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19 September 2014
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BBC - History - Scottish History

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Introduction
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Alexander III

Scotland and England are two nations divided by their experience of history. That divide was never wider than during the Wars of Independence in the 13th and 14th centuries when a chance event brought an era of relative friendship to an end in violent conflict.

The crisis began in 1286 when Alexander III fell from his horse on the sands of Kinghorn and broke his neck. After Alexander’s death, Scotland was governed by the premier nobles and bishops of Scotland, known collectively as the Guardians of Scotland. In 1286 Alexander’s heir to the throne was Margaret, the Maid of Norway, but her death in 1290 brought Scotland to the brink of civil war as two claimants emerged for the vacant throne, John Balliol and Robert Bruce (grandfather of the more famous Robert Bruce who fought at Bannockburn).

John Balliol had the most lawful claim, since he was descended from a male ancestor of Alexander III. He headed the powerful Balliol/Comyn faction that controlled much of the north and Galloway.


The claim of Robert Bruce was closer by degree, but through a female ancestor. His powerbase was in the south, in Ayrshire and Annandale, and was backed by the powerful Stewarts.

To avoid civil war someone would have to mediate and make a decision, and soon the Guardians turned to Edward I of England as a respected king and neighbour to adjudicate the contest.

Edward IEdward and the Diplomacy Game
Edward soon realised he could exploit the situation to his advantage. He invited the Scots to Norham Castle, just on the English side of the border. However, the Scots declined, fearing this would give Edward symbolic authority over them. He then asked the Scots to acknowledge his overlordship. The Scots declined, stating they could find no historical evidence for Edward’s claims.

The task then fell to Bishop Wishart of Glasgow to tell Edward, to his face, that since there was no King of Scots, the Guardians of Scotland could not surrender any Scottish sovereignty to England, since only the rightful Scottish King could do so.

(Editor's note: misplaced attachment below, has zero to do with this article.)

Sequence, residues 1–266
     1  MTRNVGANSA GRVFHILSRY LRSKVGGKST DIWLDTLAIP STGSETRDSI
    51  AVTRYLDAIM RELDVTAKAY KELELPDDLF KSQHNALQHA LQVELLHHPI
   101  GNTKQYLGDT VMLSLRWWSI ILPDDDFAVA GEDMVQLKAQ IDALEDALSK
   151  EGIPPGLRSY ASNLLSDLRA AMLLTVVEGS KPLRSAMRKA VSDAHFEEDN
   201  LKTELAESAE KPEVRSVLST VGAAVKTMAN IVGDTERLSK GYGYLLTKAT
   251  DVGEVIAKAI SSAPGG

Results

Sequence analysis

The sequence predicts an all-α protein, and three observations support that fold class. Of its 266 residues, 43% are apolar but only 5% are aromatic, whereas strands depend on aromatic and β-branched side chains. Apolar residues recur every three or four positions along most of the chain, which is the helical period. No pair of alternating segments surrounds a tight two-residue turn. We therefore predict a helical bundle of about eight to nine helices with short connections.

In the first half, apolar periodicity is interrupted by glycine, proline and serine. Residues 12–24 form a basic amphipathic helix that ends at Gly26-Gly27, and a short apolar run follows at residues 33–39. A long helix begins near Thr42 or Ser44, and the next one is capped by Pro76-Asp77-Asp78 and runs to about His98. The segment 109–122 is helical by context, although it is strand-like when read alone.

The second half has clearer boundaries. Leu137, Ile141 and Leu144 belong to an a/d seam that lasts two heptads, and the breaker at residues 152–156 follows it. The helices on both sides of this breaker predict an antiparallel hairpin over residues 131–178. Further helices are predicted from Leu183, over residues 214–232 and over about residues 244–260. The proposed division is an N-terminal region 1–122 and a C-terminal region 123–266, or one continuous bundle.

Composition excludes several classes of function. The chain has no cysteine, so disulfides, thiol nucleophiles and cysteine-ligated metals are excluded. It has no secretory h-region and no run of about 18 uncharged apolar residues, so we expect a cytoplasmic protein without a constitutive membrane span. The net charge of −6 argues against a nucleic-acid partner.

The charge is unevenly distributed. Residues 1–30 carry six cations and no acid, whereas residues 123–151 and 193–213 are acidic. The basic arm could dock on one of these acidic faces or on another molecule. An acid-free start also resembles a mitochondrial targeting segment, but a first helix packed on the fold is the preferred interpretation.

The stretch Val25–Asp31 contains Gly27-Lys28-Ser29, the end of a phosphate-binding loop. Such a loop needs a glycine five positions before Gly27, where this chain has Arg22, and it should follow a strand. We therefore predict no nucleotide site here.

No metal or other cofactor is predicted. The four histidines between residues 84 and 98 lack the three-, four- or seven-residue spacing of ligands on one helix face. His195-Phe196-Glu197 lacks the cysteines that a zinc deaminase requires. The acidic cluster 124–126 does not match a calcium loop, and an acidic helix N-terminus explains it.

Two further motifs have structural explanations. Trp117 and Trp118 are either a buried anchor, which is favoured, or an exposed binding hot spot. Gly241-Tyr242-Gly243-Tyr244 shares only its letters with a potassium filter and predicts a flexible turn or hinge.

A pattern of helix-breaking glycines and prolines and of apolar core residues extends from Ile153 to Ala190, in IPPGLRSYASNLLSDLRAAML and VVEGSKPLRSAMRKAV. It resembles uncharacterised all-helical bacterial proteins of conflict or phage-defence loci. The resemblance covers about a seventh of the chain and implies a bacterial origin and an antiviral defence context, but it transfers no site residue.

Thus far Edward's plans had been foiled, but, being an expert in legal matters, he cunningly exploited medieval law to achieve his end. Edward was to adjudicate between the two claimants, but if there were three or more, he would have to judge, and a judge had to have authority.

Edward procured a veritable avalanche of claimants, with Bruce and Balliol under the immediate pressure of others seeking Edward’s favour. Of the two original claimants, Bruce was the first to pay Edward homage; Balliol, seeing his kingship slipping away, followed suit later.

John BalliolEdward had what he wanted: whoever the king was to be, he had already recognised English overlordship. In 1292 John Balliol was judged to be the winner and was proclaimed King of Scots at Berwick.

No sooner was Balliol crowned than Edward began active interference in Scottish affairs, intervening in legal cases, keeping taxes and demanding Scottish troops to fight in France. Rapidly the Scots realised they would have to fight Edward - not a task undertaken lightly as Edward had one of the most formidable military machines in Europe at the time.

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